Coffee 101 : How to Store Your Coffee
How to store your coffee to keep it fresh and as tasty as the day it was received:
Staling is caused, in order of most harmful to least harmful
- Exposure to air (Oxidization)
- Exposure to heat
- Exposure to moisture
- Exposure to light
Roasted Coffee beans are composed of approximately 800 organic chemical compounds. Many of these organic compounds create the flavor you love.
There are sugars, alcohols, acids, Ketones, Aldehydes, minerals and all sorts of volatile flavonoids and antioxidants. When these organic compounds are exposed to air, many of them will combine with the Oxygen, forming new organic compounds that don’t taste good. The coffee becomes flat, losing its brightness and personality. This doesn’t happen immediately– it begins when you open a vacuum packed bag and the process continues on for about a month. The great flavor of high-quality coffee lasts longer at first but their fall over the cliff is more dramatic then lesser coffees. This is because the taste of lesser coffees when fresh often resembles stale coffee.
The Oxidization process is clearly observed as a freshly cut apple browns over time
- Don’t open the vacuum bag until you are ready to use its contents.
- Close the bag and within the first three days, transfer the coffee into an airtight container. No need to purchase an expensive kitchen accessory. Just use a quart mason jar and seal it with a lid.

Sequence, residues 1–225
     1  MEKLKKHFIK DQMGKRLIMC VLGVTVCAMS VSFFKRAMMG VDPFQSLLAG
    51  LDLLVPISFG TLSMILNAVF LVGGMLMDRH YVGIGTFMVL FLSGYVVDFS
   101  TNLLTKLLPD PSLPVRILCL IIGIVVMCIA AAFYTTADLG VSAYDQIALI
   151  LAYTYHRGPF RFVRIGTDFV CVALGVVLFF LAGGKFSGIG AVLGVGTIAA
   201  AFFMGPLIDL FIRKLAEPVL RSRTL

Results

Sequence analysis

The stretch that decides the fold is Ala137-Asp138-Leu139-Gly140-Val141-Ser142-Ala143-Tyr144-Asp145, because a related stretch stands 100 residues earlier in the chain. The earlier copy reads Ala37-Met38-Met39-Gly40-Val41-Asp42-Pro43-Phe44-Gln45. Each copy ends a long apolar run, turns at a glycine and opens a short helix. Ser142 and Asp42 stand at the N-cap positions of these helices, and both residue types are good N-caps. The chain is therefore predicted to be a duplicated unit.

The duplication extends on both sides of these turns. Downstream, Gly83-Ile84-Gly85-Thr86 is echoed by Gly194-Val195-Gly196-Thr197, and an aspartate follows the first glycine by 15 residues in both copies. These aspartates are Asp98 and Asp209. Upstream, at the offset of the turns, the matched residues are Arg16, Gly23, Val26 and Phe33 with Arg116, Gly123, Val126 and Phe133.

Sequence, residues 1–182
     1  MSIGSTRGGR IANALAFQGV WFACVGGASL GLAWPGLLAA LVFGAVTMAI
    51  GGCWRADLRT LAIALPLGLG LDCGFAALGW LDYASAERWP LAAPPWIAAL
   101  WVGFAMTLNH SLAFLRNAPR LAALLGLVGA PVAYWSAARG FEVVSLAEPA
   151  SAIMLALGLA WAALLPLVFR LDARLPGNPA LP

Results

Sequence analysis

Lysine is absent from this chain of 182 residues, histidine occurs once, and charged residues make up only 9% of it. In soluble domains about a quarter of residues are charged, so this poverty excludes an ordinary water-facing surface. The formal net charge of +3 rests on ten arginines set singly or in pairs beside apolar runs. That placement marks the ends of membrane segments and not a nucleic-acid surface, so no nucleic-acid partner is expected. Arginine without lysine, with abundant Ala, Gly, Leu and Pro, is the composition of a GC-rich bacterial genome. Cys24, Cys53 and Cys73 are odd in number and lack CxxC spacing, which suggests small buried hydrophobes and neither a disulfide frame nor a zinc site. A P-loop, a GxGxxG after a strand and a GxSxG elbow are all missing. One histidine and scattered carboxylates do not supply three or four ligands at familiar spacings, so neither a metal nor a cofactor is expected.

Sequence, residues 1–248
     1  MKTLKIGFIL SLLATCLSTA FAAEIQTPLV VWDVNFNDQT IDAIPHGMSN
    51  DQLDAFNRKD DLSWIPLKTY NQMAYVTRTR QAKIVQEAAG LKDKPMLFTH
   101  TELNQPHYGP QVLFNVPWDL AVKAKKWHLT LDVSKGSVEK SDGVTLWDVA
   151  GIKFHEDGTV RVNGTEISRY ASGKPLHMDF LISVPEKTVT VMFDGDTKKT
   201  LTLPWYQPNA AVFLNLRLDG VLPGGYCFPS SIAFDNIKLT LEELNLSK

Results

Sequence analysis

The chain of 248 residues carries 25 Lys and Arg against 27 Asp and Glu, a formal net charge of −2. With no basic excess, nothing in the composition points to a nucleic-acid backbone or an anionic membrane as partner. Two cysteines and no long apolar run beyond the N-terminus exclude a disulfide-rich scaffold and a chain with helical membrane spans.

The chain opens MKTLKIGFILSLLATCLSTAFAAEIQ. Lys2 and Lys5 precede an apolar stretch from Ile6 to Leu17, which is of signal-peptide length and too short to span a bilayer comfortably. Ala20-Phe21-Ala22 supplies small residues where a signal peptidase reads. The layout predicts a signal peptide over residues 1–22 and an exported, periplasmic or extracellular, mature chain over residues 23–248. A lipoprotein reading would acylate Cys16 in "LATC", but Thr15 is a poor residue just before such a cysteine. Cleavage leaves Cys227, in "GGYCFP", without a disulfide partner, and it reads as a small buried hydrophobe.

All chemical reactions are speeded up by heat, so we want to keep the coffee at a low temperature. That will go a long way in saving the flavor.
Oxidation can be slowed down or speeded up. Temperature is the factor and since Staling is caused, essentially, by oxygen combining with other compounds, we want to keep the beans cool but not frozen.
- Store your sealed container in a cool dark pantry or in the refrigerator. If you have ordered a five-pound bag, you will need five quart-sized jars and lids.
- Cool is better than room temperature. Since warm air rises, store your sealed containers on your lowest shelves.
Your coffee beans are pretty devoid of moisture. When we put green raw beans into the roaster they are about 11% moisture. When they exit the roaster after being at high heat (400-465 degrees) they are really dry. But like a dry sponge, they will attract moisture from the air. This is Osmosis. Moisture softens the beans and further enables organic compounds to combine and change, reducing flavor and speeding up the oxidization process.
- Do not store the beans in the original vacuum packed bag for more than a few days unless you have a heat sealer. Moisture creeps into the bag easily, and even more when it is in the freezer or refrigerator.
- A sealed container is the answer to moisture.
It takes an awful lot of light to make coffee stale; if you address the air, heat, and moisture issues, then the light will become a small factor. On it’s own, in my experience, light alone will take a long long time to damage coffee beans. However, if coffee beans are exposed to prolonged sunlight, then heat becomes the primary culprit.
If you address the problems of Air, Heat, and Moisture correctly, then Light will have little effect on your coffee.